Vitamin e improves growth rate and reproductive functions in female rats exposed to nicotine

Authors:TA Okewumi, EG Edoh, ST Shittu, FB Oyeyemi, PC Ugwuezumba , WA Oyeyemi
Int J Biol Med Res. 2012; 3(2): 1715 – 1719  |  PDF File

Abstract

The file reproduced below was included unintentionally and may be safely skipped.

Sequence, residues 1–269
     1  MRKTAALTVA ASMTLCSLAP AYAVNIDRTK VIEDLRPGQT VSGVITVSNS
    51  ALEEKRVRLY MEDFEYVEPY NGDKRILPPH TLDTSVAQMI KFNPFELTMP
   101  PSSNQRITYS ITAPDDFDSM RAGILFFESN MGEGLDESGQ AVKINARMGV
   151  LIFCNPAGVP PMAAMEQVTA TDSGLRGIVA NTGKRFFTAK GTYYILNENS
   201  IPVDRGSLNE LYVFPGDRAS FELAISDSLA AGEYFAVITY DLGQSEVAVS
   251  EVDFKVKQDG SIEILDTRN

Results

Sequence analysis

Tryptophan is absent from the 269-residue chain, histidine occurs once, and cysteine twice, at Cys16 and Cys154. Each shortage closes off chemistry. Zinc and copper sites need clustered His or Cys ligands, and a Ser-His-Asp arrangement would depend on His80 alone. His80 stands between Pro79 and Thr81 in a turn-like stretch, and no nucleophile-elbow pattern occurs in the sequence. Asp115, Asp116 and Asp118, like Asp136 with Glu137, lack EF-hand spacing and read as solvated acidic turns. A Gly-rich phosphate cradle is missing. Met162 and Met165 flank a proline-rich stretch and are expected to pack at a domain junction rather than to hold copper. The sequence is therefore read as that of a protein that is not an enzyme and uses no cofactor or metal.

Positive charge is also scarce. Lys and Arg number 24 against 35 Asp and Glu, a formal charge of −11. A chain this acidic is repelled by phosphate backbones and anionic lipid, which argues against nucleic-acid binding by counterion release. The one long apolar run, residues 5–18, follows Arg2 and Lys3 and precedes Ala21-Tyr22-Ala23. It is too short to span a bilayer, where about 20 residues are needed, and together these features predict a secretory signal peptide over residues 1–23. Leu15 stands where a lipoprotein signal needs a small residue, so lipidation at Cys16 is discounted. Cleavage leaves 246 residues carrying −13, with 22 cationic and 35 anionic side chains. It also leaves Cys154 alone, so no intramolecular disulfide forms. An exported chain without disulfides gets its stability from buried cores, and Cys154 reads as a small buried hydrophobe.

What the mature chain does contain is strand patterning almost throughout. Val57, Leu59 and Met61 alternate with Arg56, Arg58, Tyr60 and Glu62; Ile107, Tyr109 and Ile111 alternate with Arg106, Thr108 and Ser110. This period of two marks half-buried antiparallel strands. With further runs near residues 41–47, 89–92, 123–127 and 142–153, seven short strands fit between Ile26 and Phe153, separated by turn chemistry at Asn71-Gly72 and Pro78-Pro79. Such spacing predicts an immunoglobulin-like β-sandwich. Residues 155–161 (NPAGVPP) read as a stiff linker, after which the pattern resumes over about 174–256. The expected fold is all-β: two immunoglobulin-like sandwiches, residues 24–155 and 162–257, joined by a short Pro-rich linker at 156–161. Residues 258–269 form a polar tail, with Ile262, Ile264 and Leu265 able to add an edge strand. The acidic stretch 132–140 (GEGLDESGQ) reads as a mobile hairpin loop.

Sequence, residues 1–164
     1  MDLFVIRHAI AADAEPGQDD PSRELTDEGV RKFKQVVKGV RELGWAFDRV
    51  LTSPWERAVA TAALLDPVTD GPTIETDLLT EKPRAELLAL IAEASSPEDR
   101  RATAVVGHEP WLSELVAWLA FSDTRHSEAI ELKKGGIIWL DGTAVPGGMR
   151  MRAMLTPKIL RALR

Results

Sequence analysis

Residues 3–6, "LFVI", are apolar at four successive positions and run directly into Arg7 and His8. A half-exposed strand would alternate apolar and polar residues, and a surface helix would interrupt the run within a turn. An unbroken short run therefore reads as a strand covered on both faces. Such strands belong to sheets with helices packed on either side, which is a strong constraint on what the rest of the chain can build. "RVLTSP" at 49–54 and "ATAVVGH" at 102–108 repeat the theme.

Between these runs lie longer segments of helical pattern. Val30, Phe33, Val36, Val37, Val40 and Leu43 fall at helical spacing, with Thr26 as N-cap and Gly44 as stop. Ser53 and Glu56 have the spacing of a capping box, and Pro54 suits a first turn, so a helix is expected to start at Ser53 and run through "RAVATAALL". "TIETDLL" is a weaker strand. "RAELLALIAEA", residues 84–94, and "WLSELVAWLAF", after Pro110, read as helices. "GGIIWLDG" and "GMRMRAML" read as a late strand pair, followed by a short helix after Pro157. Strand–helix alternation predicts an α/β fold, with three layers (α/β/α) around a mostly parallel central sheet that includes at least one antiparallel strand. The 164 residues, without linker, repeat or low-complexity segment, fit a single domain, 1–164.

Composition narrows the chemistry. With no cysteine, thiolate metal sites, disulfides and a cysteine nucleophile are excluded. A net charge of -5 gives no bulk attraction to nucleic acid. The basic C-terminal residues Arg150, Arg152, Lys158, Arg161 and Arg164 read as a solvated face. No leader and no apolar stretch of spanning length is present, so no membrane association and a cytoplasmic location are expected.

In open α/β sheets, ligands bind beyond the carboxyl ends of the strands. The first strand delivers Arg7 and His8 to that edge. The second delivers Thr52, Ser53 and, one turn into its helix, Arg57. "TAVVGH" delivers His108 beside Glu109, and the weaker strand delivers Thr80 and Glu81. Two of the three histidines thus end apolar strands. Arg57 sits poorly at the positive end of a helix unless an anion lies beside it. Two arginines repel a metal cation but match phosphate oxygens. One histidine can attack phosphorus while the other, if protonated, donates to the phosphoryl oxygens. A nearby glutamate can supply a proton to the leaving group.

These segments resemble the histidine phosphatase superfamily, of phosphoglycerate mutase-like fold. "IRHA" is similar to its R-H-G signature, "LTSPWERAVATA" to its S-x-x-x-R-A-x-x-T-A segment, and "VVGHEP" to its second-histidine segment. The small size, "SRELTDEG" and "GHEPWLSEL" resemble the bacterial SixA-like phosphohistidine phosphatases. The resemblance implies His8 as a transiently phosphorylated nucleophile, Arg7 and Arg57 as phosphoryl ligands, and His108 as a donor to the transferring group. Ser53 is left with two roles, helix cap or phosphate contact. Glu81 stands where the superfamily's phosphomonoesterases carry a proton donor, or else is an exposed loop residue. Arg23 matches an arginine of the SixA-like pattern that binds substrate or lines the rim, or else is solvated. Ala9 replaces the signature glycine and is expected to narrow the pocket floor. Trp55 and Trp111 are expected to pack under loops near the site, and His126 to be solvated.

This study investigates the effect of vitamin E on the deleterious effects of nicotine on female reproductive functions in rats. 56 albino wistar rats (42 female, 14 male) were used for the study. The female rats with synchronized ovulation were randomly selected into 7 groups. Group 1 received 0.2ml normal saline (control), groups 2 and 3 received 0.5mg/kg and 1.0mg/kg of nicotine respectively, group 4 received 0.5mg/kg of nicotine with 10mg/kg of vitamin E, group 5 received 1.0mg/kg nicotine and 10mg/kg Vitamin E, groups 6 and 7 were recovery for groups 2 and 3 respectively. All administrations were done orally. The weights of the female animals were monitored weekly throughout the experiment. At the 31st day, male rats were introduced to female in ratio 1:3 and treatments were discontinued in groups 6 and 7. The presence of sperm plug in vagina served as indicator for positive copulation and the day was taken as the first day of pregnancy. On the 13th day of pregnancy, animals in all groups were sacrificed and blood was collected for determination of plasma progesterone and estrogen levels. The brain, heart, kidney, liver, lungs, ovaries, uterine tube and vagina were harvested and weighed. Uterus was dissected to count the number of implantation sites. There was a significant reduction in body growth rate in the high dose nicotine treated group. Heart, lungs and vagina of all nicotine only treated groups were significantly decreased in weight when compared with the control. Also implantation sites were significantly decreased in both the nicotine treated rats and their recovery groups. The ratios of plasma estrogen to progesterone were significantly increased in nicotine groups, their recovery groups and high dose of nicotine with vitamin E when compared with control. In conclusion, vitamin E was able to minimize the deleterious effects of nicotine on body weight, reproductive organs and implantation in female.